April: The Summary

A third of the year has officially been and gone. Already. Where on earth does the time go?

April was a better month than the few that went before it. Not the best, but certainly full of more frequent glimmers of light. I started this month on a road trip with a friend, visiting Fort Augustus, staying in a wigwam and falling in love with the Isle of Skye, taking a trip to the Highland Wildlife Park and sleeping in the tiniest, most adorable hostel in Nethy Bridge. I saw Sarah Millican's hilarious stand-up show in Aberdeen; took a day trip to Stonehaven and a wander to Dunnottar Castle; and caught up over dinner with some friends I hadn't seen since Christmas! The rest of the month was consumed by puppy walks; the occasional coffee shop; making it to church, kids club and Street Pastors training for the first time in three months; and more than a little bit of sleep.

I read 4 books this month, bringing me to 17 of my target 42..
  • 'Room' by Emma Donoghue
    'Room' was a book that I'd often seen on bestseller shelves but had failed to take notice of before now. I'm not sure what caught my attention this time round, but I'm glad that it did. Narrated from the perspective of five year old Jack whose entire life has been spent in one 12 foot square room, this was a brilliant, gripping little novel that I couldn't put down.
  • 'Broken Places' by Wendy Perriam
    My current habit of downloading the cheapest thing to catch my attention on the Kindle page at the precise moment when I need a new read kind of backfired on me on this one. I persevered all the way through this novel but am still none-the-wiser as to what it was really about, except a man with really bad luck. I really tried to like this book, but even the style of writing didn't sit comfortably with me, unfortunately.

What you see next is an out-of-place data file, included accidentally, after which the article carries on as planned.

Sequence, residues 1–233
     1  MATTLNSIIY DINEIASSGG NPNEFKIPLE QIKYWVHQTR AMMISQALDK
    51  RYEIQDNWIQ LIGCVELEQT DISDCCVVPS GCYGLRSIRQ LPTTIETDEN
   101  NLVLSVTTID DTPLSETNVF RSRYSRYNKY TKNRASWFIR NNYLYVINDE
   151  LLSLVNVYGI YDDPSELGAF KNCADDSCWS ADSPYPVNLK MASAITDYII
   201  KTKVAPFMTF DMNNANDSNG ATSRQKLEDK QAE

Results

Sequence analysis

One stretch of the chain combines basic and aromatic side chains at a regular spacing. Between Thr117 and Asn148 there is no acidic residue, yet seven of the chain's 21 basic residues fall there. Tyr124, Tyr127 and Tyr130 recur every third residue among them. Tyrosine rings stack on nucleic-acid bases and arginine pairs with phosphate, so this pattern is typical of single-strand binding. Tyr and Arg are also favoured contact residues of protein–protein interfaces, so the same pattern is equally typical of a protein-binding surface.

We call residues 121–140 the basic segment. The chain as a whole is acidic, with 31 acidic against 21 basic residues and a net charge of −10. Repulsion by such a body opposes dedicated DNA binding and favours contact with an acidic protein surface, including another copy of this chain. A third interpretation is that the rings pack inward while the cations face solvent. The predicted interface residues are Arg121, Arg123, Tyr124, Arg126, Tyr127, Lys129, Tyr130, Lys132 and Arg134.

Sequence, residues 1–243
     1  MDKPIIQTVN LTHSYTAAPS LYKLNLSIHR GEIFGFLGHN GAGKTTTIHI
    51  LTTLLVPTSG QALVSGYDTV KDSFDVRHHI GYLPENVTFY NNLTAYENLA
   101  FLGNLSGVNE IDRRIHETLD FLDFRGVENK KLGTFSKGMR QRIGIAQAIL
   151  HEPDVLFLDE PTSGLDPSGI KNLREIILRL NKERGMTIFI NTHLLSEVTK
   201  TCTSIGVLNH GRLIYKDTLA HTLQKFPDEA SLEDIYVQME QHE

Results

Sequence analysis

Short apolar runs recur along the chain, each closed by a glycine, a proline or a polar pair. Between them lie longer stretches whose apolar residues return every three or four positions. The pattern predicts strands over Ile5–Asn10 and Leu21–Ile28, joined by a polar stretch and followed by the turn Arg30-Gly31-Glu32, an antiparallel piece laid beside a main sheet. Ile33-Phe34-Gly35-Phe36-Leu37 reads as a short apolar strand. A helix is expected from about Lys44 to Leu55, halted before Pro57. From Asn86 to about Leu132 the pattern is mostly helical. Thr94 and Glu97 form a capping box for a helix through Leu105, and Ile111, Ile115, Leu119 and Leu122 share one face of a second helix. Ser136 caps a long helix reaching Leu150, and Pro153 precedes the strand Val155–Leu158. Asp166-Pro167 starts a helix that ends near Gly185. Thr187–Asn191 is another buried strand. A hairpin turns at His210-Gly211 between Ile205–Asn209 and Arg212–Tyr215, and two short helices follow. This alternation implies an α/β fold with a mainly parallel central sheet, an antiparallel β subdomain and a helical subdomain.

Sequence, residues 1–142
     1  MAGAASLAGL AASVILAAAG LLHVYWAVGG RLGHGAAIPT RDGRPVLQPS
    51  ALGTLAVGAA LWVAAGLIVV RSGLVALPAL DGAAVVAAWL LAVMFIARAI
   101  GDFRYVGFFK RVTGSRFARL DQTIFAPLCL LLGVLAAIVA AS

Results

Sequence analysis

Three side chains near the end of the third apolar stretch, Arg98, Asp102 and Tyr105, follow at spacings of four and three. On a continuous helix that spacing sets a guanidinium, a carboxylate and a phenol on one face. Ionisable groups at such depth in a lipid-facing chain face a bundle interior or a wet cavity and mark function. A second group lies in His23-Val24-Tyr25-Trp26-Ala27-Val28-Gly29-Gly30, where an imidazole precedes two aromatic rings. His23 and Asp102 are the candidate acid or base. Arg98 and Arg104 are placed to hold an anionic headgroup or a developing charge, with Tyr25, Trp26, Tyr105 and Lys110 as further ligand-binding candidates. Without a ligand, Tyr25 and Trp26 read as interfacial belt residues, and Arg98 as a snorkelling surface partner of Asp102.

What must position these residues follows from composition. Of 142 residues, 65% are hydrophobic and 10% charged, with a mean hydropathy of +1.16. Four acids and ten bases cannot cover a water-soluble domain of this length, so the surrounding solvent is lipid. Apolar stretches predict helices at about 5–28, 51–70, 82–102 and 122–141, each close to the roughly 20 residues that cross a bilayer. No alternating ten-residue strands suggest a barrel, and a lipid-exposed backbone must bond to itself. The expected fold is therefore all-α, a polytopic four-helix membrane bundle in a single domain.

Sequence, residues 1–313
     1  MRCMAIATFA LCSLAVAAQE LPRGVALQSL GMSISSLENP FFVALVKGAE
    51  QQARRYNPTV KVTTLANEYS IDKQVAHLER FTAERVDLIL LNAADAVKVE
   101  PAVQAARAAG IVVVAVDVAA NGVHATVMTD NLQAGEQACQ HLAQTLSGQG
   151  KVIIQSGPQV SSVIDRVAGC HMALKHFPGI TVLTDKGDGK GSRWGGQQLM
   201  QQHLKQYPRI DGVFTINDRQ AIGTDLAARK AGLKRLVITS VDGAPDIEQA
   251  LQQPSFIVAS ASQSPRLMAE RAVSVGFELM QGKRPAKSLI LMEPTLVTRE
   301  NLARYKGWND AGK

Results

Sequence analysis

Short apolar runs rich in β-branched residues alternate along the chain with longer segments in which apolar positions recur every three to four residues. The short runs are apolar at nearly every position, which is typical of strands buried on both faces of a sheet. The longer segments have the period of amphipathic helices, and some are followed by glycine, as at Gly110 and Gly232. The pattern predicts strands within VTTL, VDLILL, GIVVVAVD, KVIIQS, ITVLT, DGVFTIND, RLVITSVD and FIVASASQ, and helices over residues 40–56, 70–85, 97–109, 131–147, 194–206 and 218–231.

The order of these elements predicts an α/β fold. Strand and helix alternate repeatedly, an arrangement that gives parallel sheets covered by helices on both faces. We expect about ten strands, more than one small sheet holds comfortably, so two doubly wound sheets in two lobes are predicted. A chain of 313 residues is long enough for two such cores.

• 'Free Country: A Penniless Adventure the Length of Britain' by George Mahood
    Thankfully my Kindle strategy redeemed itself with this one. George Mahood and his friend Ben set out to cycle from Land's End to John o' Groats ..with nothing but the boxer shorts they were wearing. Relying on the generosity of the British public for everything from clothes and shoes, to food, accommodation and even bicycles, this is the true and hilarious account of their adventure. Just brilliant.
  • 'Every Day Is A Holiday' by George Mahood
    I enjoyed 'Free Country' so much that I jumped straight into the writer's second book in which he dedicates six months to celebrating as many of the world's weird and wonderful 'holidays' as he can. Not quite as gripping as the bicycle adventure, but a humourous and enjoyable read nonetheless.

When I wasn't stuck in a book, my eyes were fixed on:
'Philomena' - my only movie of the month, this is the touching story of one woman's hunt for her son and is well worth a watch. On TV I was enjoying my weekly 'Gogglebox' fix; the final, brilliant episodes of 'Rev'; ITV's detective mini-series 'Undeniable'; and the first episode of 'Mr Drew's School for Boys'.

I think that was pretty much it for this month. I'm hoping to be well and truly back at work by the time I write an update at the end of May, but I guess we'll have to wait and see what the next 31 days might bring...

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  1. I'm so glad there have been glimmers of light. I'm sure they will continue - even if you aren't making progress as quickly as you wish to, as long as you are going in the right direction that is the main thing. We watched Philomena recently. An excellent film. Take care of yourself!